There is a general agreement that the word imperialism, as a conscious and openly advocated policy
of acquiring colonies for economic, and political advantages, did not emerge until around 1870, and
from then it became a dominant and more evidently aggressive policy amongst the European states for a
variety of political, cultural and economic reasons.
As described in Merriam Webster’s Collegiate Dictionary(2000):
The first use of the word imperialism dates back to 1815 and in the most general sense,
it refers to ‘a policy, practice or advocacy of extending the power of domination over a

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nation especially by direct territorial acquisitions or by gaining indirect control over
the political or economic life of other areas’ (p. 582).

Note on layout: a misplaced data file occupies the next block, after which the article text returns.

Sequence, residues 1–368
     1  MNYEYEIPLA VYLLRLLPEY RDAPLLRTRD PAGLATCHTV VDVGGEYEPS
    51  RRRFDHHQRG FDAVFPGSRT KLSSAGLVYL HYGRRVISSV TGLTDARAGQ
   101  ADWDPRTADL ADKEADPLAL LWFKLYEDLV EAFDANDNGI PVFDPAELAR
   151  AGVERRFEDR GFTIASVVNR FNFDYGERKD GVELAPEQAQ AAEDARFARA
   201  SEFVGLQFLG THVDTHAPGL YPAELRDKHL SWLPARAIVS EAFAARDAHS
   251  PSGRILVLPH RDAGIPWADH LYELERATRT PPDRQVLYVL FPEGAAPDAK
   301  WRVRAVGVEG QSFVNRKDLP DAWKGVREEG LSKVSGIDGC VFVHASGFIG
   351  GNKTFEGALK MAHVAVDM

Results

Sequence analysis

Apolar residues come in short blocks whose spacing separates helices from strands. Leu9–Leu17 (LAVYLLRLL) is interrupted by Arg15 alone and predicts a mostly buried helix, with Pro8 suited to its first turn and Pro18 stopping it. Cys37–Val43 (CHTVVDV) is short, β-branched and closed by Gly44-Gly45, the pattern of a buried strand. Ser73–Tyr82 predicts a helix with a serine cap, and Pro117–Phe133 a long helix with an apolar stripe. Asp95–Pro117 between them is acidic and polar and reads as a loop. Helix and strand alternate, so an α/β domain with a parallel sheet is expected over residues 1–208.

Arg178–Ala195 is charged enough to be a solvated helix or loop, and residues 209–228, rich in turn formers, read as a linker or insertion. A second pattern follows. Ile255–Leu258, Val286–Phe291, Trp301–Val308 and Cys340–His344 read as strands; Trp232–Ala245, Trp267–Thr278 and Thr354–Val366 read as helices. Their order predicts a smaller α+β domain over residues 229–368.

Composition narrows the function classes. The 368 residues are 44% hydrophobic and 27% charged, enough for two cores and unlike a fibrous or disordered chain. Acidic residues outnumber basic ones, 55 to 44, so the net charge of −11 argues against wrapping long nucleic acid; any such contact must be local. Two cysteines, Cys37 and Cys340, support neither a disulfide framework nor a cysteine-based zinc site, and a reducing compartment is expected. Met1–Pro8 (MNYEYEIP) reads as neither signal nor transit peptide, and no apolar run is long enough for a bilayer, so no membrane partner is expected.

Ashcroft, Griffiths and Tiffin (1998) believe imperialism in its more recent and general sense refers
to the ‘‘acquisition of an empire of overseas colonies, which is associated with the Europeanization of
the globe; it is therefore an attitude toward the world and performs a definite function and a method of
behavior.’’ Still it is one of the progressing subject matters that has its own classifications and history to
be discussed. However the expansionist policies of the European countries triggered in 1880, taking the
advantage of the modern industrial power, has been described as the age of’ the classical imperialism.
The term colonialism and what came after it, is an important factor in defining the specific form of
cultural exploitation, which developed with the expansion of Europe over the last 400 years. Although
many earlier civilizations had colonies, but certain number of crucial factors entered into the